Annual Policy Statement for the Year 2010-11- 20th April 2010
Part A. Monetary Policy
I. The State of the Economy
5. The global economy continues to recover amidst ongoing policy support and improving financial market conditions. The recovery process is led by EMEs, especially those in Asia, as growth remains weak in advanced economies. The global economy continues to face several challenges such as high levels of unemployment, which are close to 10 per cent in the US and the Euro area. Despite signs of renewed activity in manufacturing and initial improvement in retail sales, the prospects of economic recovery in Europe are clouded by the acute fiscal strains in some countries.
6. Core measures of inflation in major advanced economies are still moderating as the output gap persists and unemployment remains high. Inflation expectations also remain well-anchored. In contrast, core measures of inflation in EMEs, especially in Asia, have been rising. This has prompted central banks in some EMEs to begin phasing out their accommodative monetary policies.
7. The Reserve Bank had projected the real GDP growth for 2009-10 at 7.5 per cent. The advance estimates released by the Central Statistical Organisation (CSO) in early February 2010 placed the real GDP growth during 2009-10 at 7.2 per cent. The final real GDP growth for 2009-10 may settle between 7.2 and 7.5 per cent.
8. The uptrend in industrial activity continues. The index of industrial production (IIP) recorded a growth of 17.6 per cent in December 2009, 16.7 per cent in January 2010 and 15.1 per cent in February 2010. The recovery has also become more broad-based with 14 out of 17 industry groups recording accelerated growth during April 2009-February 2010. The sharp pick-up in the growth of the capital goods sector, in double digits since September 2009, points to the revival of investment activity. After a continuous decline for eleven months, imports expanded by 2.6 per cent in November 2009, 32.4 per cent in December 2009, 35.5 per cent in January 2010 and 66.4 per cent in February 2010. The acceleration in non-oil imports since November 2009 further evidences recovery in domestic demand. After contracting for twelve straight months, exports have turned around since October 2009 reflecting revival of external demand. Various lead indicators of service sector activity also suggest increased economic activity. On the whole, the economic recovery, which began around the second quarter of 2009-10, has since shown sustained improvement.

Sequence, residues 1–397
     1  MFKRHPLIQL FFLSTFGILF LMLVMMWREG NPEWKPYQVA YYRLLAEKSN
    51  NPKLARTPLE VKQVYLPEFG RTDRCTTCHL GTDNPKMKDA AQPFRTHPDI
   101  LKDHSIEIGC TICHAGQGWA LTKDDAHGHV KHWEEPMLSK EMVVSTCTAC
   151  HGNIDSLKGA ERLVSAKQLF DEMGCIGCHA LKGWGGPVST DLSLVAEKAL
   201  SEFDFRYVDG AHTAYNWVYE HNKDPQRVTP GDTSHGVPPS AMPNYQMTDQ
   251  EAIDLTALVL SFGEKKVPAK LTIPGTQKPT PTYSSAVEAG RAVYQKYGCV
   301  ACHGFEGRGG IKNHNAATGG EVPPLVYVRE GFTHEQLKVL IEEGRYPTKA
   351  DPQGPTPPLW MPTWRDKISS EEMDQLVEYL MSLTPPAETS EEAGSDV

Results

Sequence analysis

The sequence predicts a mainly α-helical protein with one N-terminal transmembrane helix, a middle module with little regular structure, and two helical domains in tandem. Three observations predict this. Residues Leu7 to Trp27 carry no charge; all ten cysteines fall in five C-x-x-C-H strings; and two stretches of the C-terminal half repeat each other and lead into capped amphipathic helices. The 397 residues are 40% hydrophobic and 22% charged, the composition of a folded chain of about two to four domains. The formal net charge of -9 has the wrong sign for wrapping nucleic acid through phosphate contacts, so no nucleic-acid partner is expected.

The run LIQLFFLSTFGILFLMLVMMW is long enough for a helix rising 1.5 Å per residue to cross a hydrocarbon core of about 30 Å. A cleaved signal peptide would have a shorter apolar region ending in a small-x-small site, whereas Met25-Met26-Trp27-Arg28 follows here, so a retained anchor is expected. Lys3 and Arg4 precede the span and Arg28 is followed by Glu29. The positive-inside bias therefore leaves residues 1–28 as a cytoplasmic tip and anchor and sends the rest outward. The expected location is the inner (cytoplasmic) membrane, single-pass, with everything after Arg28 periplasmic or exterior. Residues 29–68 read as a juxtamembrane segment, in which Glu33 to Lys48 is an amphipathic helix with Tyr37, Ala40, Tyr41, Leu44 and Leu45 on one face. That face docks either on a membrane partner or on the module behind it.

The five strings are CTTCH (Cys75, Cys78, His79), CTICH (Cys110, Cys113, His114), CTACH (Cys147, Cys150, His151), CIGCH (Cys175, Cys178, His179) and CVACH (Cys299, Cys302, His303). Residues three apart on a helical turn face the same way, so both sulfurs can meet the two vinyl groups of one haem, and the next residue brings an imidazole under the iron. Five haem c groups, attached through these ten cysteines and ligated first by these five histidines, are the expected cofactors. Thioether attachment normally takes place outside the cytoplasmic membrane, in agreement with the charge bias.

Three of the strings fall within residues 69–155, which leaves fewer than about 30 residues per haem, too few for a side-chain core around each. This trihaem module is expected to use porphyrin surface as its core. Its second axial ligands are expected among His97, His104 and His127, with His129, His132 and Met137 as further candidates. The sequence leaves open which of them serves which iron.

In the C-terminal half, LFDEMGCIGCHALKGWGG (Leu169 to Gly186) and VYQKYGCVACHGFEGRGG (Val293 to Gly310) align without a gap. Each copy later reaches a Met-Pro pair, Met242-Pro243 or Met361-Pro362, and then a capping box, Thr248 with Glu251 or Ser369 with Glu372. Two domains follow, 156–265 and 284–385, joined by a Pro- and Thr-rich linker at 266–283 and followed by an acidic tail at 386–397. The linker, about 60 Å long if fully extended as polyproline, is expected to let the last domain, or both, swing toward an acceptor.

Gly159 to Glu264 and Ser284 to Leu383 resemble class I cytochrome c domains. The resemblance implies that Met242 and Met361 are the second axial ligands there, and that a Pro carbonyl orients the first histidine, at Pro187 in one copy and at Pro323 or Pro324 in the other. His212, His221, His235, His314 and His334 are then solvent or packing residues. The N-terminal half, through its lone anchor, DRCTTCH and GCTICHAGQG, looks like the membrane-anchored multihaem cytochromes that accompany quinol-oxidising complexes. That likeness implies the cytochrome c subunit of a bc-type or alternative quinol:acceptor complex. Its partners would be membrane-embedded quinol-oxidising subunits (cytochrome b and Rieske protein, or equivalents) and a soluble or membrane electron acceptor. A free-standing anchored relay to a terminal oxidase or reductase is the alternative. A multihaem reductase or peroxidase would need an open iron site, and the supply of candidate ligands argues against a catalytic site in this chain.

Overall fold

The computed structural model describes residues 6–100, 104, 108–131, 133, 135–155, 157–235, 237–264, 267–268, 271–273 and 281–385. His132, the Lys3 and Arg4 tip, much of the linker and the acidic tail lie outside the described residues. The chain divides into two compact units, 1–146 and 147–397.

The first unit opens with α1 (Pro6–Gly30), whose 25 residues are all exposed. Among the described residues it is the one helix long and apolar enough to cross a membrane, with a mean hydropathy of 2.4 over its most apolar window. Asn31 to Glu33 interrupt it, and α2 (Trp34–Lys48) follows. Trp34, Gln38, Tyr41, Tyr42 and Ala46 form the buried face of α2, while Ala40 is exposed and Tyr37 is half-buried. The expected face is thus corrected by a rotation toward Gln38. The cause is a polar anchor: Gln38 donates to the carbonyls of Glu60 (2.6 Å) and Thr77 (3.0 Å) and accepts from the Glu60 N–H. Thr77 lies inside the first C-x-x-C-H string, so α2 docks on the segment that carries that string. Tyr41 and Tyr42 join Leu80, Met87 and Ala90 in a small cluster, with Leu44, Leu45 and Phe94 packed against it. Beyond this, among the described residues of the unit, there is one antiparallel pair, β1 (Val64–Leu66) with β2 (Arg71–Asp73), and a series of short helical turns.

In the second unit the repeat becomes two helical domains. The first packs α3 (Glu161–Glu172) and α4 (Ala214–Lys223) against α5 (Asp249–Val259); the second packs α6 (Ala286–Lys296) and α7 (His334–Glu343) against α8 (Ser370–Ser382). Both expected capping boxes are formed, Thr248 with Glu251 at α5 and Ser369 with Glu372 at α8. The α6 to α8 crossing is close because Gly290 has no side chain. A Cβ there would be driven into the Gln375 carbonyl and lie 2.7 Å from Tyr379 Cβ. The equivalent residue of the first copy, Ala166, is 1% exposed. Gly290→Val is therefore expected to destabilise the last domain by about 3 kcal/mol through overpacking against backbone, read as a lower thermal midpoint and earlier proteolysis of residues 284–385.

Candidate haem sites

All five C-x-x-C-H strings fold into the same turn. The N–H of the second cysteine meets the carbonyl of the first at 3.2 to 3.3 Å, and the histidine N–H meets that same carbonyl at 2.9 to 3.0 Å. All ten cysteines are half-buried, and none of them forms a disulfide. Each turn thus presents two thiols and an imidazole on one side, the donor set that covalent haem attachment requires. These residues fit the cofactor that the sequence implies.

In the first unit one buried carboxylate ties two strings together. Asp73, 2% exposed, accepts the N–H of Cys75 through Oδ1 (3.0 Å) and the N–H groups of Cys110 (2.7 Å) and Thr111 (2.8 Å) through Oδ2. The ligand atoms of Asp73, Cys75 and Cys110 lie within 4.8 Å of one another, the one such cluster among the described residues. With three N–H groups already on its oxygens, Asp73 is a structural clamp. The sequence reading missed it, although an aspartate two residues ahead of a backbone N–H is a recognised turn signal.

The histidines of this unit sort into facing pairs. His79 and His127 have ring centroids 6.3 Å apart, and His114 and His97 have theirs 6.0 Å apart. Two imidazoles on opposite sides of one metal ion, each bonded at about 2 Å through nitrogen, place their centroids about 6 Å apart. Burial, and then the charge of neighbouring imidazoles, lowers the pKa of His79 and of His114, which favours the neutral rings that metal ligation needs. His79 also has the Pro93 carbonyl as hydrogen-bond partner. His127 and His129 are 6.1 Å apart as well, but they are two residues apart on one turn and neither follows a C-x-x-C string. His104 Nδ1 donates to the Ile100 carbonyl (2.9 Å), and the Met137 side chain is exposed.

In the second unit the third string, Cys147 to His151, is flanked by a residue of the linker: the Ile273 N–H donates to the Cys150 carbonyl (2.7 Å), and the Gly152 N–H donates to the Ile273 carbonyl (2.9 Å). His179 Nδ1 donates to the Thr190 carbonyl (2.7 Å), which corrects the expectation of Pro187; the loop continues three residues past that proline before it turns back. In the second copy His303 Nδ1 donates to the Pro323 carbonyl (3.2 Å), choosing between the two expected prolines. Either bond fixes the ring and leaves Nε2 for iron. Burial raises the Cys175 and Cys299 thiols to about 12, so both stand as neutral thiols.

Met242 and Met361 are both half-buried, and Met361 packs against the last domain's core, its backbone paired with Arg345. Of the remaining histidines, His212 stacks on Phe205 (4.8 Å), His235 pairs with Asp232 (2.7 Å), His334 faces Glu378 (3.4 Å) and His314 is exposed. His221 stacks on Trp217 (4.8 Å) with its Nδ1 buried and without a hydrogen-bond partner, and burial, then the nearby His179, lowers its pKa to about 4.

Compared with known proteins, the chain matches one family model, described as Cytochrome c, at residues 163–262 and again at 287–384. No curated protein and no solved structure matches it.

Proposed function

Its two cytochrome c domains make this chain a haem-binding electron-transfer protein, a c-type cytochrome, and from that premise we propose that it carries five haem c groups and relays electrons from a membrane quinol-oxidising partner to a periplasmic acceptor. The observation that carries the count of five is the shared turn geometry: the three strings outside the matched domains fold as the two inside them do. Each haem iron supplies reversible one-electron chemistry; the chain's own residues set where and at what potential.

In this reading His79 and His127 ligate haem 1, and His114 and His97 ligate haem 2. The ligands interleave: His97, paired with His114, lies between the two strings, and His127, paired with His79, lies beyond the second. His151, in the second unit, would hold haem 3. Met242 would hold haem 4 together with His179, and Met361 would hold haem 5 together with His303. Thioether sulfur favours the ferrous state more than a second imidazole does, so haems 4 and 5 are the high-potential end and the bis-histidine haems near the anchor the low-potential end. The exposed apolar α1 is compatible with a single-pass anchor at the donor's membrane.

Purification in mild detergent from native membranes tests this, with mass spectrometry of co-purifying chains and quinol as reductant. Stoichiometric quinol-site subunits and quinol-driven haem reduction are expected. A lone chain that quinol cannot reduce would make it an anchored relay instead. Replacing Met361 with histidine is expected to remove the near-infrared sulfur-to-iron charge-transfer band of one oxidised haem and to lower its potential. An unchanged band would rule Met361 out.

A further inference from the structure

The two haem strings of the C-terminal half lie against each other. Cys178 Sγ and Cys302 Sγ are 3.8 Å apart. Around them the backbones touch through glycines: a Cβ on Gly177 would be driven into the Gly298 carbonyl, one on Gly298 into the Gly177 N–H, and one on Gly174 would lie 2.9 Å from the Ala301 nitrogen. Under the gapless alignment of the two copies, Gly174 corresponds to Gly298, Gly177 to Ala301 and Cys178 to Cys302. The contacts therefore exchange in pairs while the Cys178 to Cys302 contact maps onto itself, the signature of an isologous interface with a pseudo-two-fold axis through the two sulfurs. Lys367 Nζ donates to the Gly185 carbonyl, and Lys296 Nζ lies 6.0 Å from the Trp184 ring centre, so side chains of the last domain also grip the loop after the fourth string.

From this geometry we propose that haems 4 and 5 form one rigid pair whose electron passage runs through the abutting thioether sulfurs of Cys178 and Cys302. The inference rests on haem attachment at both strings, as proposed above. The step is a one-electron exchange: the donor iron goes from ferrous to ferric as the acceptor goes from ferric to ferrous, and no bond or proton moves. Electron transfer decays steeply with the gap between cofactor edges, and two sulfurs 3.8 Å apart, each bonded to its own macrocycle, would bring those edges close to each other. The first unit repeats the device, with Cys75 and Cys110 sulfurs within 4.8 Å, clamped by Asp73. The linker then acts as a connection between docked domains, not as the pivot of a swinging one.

9. A sharp recovery of growth during 2009-10 despite the worst south-west monsoon since 1972 attests to the resilience of the Indian economy. On the demand side, the contribution of various components to growth in 2009-10 was as follows: private consumption (36 per cent), government consumption (14 per cent), fixed investments (26 per cent) and net exports (20 per cent). The monetary and fiscal stimulus measures initiated in the wake of the global financial crisis played an important role, first in mitigating the adverse impact from contagion and then in ensuring that the economy recovered quickly.
10. However, the developments on the inflation front are worrisome. The headline inflation, as measured by year-on-year variation in Wholesale Price Index (WPI), accelerated from 0.5 per cent in September 2009 to 9.9 per cent in March 2010, exceeding the Reserve Bank’s baseline projection of 8.5 per cent for March 2010 set out in the Third Quarter Review. Year-on-year WPI non-food manufactured products (weight: 52.2 per cent) inflation, which was (-) 0.4 per cent in November 2009, turned marginally positive to 0.7 per cent in December 2009 and rose sharply thereafter to 3.3 per cent in January 2010 and further to 4.7 per cent in March 2010. Year-on-year fuel price inflation also surged from (-) 0.7 per cent in November 2009 to 5.9 per cent in December 2009, to 8.1 per cent in January 2010 and further to 12.7 per cent in March 2010. Despite some seasonal moderation, food price inflation remains elevated.
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